In the late 90s, my husband and I spent a couple of months in a small town in central England. One weekend, we decided to explore London. We boarded an underground train in Central London eager to find out what the City held.
I was excited because it was not just my first time there, it was also my first trip to any big city outside India. As the train slowed down at a station, my arm that held the railing above, brushed against a fellow passenger’s shoulder.
The lady casually turned around, lifted her dainty hands and dusted her shoulder clean and moved away from me. I don’t remember anything else.
It is not the clothes, language or even a good neighbourhood. It was and is never ever about me. It is about people like the “racist card” lady who spoke from a place of entitlement and privilege. Privilege only because of colour — a non-colour that is — just whiteness and the freedom that comes with it
All I remember is how I felt. I quickly apologised and I checked if the arms of my long jacket had any dirt and moved away further.
Our blind spots
Shame and a sense of being filthy crept deep inside. My stomach tightened and I hoped nobody paid any attention. Why did I feel what I felt — I had no idea. Later that day, I asked my husband if I stank, or if there was some dirt sticking out in a blind spot of my jacket or was I simply shabbily dressed.
Two decades later, I can still feel the hurt linger inside me. Many hours of Oprah and many books later, I know what that simple act of brushing off the shoulder means. Undoubtedly, I am unable to let go of my anger that seethes within me — that I apologised for my insult.
Racism was not something I was ready for when I stepped outside of India way back in 98. In my idealistic simple world, I assumed, they happened many years before and that the world had grown wiser.
I first learnt this word in school in my village. The teacher told us clearly that, “White people did bad things to black people”. Nowhere did the teacher mention that, brown was nearly black or that brown is just non-white.
After the initial first hand encounter of disrespect, I spent many agonising hours to figure out how to overcome the hurt. Mind you, the person who wronged probably went on about living happy lives.
But, I took the insult personally. I believed that I had brought upon the act because of something within me — a deficit that I had to overcome.
What exactly it was — I didn’t know. Perhaps it was language or accent or clothes or affluence — I wanted to explore everything.
Never for once, I doubted the lady in the train. I was putting myself through a series of ideas so that two hands could simply hold on to a railing and not worry about causing discomfort. How wrong I was!
When we moved into a neighbourhood that had mixed nationalities, I was thrilled that Sid my then 10 year old would get to play with all these kids. “Imagine how many languages he could learn”, I gushed. But, the following week, lil Sid came home with tears.
“Some of the kids call me Hindi Bacha”, he said. I comforted him and gave him an unconvincing, vague explanation. Very soon, I became their target too. I ignored it because I didn’t know how to tell off a bunch of little kids.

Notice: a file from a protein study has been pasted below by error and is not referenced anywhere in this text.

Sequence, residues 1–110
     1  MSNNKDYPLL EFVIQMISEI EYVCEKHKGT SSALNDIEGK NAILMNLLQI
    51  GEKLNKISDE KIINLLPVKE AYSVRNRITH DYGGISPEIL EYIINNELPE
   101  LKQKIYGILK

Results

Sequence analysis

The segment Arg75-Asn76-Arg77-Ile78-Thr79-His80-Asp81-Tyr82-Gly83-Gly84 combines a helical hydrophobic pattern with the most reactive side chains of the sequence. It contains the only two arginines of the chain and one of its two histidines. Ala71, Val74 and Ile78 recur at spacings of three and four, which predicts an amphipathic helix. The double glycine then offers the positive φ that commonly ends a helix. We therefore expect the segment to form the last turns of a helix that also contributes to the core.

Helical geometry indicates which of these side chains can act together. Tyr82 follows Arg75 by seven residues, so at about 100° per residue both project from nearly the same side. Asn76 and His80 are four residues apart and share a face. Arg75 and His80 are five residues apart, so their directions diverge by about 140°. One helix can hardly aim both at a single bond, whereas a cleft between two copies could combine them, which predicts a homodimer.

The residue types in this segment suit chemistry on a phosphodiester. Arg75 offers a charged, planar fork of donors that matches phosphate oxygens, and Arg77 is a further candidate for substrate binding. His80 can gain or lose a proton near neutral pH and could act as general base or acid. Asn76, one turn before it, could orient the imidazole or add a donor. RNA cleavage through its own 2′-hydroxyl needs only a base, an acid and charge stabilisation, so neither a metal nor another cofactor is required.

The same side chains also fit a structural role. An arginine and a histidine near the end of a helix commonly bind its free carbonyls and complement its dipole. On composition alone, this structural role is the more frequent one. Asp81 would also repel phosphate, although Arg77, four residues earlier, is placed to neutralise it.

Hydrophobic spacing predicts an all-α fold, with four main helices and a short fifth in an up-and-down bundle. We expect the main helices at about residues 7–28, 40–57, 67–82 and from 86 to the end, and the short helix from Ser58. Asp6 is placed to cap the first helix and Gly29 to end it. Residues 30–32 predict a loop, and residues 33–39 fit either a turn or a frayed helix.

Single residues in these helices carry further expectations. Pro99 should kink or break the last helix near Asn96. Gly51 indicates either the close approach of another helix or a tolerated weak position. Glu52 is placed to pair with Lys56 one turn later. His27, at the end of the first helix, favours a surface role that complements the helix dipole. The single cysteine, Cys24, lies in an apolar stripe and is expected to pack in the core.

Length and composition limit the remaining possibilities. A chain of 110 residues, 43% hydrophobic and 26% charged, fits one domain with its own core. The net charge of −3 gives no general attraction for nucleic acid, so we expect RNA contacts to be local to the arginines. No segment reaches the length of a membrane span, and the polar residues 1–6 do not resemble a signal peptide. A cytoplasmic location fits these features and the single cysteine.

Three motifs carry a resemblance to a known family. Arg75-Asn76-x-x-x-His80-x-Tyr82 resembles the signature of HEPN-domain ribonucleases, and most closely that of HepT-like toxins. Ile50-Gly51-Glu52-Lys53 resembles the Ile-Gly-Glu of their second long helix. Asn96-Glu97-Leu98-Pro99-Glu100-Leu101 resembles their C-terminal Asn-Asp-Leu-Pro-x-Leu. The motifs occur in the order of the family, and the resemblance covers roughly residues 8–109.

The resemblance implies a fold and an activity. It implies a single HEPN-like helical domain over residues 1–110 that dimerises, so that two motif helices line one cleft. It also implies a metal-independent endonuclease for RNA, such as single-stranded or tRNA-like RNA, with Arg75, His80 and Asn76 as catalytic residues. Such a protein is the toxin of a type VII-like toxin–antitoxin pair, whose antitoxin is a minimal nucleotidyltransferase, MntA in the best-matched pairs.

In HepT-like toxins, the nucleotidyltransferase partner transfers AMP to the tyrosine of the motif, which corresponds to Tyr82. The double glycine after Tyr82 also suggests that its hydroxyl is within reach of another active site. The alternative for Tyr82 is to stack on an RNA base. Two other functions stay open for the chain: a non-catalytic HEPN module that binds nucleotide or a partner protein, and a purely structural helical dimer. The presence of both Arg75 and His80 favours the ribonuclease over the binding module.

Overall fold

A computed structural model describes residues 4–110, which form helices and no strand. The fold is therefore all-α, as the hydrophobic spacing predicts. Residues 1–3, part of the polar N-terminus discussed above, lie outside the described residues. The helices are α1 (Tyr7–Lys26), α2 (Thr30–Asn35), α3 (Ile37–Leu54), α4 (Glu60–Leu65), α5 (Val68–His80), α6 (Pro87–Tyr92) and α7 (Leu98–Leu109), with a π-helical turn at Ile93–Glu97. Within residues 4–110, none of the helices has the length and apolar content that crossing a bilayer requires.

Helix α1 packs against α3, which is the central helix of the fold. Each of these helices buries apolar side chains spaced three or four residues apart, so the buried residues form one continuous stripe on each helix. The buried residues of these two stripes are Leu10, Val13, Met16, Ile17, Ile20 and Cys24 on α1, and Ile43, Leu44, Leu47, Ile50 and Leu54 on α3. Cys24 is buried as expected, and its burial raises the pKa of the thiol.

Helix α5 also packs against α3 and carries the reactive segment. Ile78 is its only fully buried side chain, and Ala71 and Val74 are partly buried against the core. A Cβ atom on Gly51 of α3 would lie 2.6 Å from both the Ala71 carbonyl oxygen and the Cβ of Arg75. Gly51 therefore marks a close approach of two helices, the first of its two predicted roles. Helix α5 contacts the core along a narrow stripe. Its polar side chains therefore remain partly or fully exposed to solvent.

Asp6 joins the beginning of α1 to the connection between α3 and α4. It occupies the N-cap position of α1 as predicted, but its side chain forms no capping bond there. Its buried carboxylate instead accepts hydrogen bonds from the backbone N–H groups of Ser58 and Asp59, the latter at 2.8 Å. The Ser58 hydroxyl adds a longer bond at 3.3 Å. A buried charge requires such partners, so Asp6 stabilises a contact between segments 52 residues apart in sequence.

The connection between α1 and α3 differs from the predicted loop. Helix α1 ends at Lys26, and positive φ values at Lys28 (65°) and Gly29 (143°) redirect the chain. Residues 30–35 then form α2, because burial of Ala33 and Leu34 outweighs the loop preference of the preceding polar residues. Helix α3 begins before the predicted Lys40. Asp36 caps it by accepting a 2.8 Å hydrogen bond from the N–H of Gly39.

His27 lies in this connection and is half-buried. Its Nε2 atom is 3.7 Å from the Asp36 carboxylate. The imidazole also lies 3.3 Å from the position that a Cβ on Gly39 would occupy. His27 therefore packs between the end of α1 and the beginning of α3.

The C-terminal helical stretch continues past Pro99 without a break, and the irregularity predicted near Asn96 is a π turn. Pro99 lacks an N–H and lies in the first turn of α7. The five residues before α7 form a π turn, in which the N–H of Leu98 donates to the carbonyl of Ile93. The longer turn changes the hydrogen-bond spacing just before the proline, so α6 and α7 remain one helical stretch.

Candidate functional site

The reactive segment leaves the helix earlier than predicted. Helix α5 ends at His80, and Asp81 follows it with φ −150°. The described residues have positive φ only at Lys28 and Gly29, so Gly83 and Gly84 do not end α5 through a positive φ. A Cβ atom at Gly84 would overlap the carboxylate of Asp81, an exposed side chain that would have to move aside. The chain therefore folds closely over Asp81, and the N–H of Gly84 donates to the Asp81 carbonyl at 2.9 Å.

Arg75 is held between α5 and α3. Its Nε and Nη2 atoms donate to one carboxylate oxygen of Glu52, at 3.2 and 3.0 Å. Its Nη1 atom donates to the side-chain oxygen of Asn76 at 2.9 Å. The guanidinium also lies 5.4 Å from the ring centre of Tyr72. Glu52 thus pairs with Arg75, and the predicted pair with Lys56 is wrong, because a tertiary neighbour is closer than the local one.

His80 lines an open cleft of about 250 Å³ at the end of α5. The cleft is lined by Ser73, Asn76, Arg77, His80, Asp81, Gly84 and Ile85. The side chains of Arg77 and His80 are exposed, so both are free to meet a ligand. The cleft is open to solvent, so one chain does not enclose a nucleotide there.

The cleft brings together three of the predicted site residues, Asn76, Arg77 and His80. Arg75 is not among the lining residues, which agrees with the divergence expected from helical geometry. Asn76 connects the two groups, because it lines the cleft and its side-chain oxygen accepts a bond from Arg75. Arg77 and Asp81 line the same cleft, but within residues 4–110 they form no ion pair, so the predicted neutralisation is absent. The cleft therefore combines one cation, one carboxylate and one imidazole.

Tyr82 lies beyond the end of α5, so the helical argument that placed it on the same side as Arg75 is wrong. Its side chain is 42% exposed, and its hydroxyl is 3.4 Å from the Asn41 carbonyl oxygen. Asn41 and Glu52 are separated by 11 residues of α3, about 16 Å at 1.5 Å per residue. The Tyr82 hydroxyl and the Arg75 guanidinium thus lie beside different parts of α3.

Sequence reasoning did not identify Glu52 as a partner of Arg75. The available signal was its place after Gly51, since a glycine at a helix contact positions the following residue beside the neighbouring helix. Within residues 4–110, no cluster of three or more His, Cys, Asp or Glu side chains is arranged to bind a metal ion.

But, it bothered me that children as young as 9 and 10 had enough courage to give funny names to adults. Worse, I couldn’t help wondering how they learnt those names.
Barrage of racist insults
That was not all. One day, when my son stood up for himself against a barrage of racist insults, one white lady called him out and told him, “son, you can’t pull the racecard”. She not only sent my son home with some more words, but also made it a point to complain to me.
To this day, I wonder, why she called him out instead of telling off the other kids. What gave her the right to talk to my son about “racecard”? And, the best part is, the other kids never learnt that they were wrong.
It is not the clothes, language or even a good neighbourhood. It was and is never ever about me. It is about people like the “racist card” lady who spoke from a place of entitlement and privilege. Privilege only because of colour — a non-colour that is — just whiteness and the freedom that comes with it.
She never doubted the other white children because of the superior notion that she thrives in. Superiority that translates to, “I am right and everyone else is wrong”. A right to do anything and get away. A power that can brush aside any wrong doing with not as much as sorry. No wonder the world is engulfed in scars.
Today, after reading many news stories that have cropped up in the past week about black lives, my wounds have shown up. There is a gnawing pain in my stomach.
Although I know that the chances of me being shot by a few white men is minimal, it is not non-existent. But, guns or not, I know that people of colour always suffer from wounds.
Wounds that are inflicted not just by weapons, but by words, looks, actions, grimaces. Some of these can cripple a person for life.
I wish I can go back to my village and tell my teacher a thing or two about racism. Yes. Nobody wants racism to exist. But, it does — in those looks, nudges, rolling of eyes, those whispers and brute physical force. And, the good news is — it is never too late for a better world.
The “white world” has the power to make this world colour neutral. All they have to do is practice mutual respect. Surprisingly, it is not hard.
For this, they should be able to stand next to a person of colour in a crowded underground train and be OK with it. Can they do that?
— Sudha Subramanian is an author and freelance writer based in Dubai. Twitter: @sudhasubraman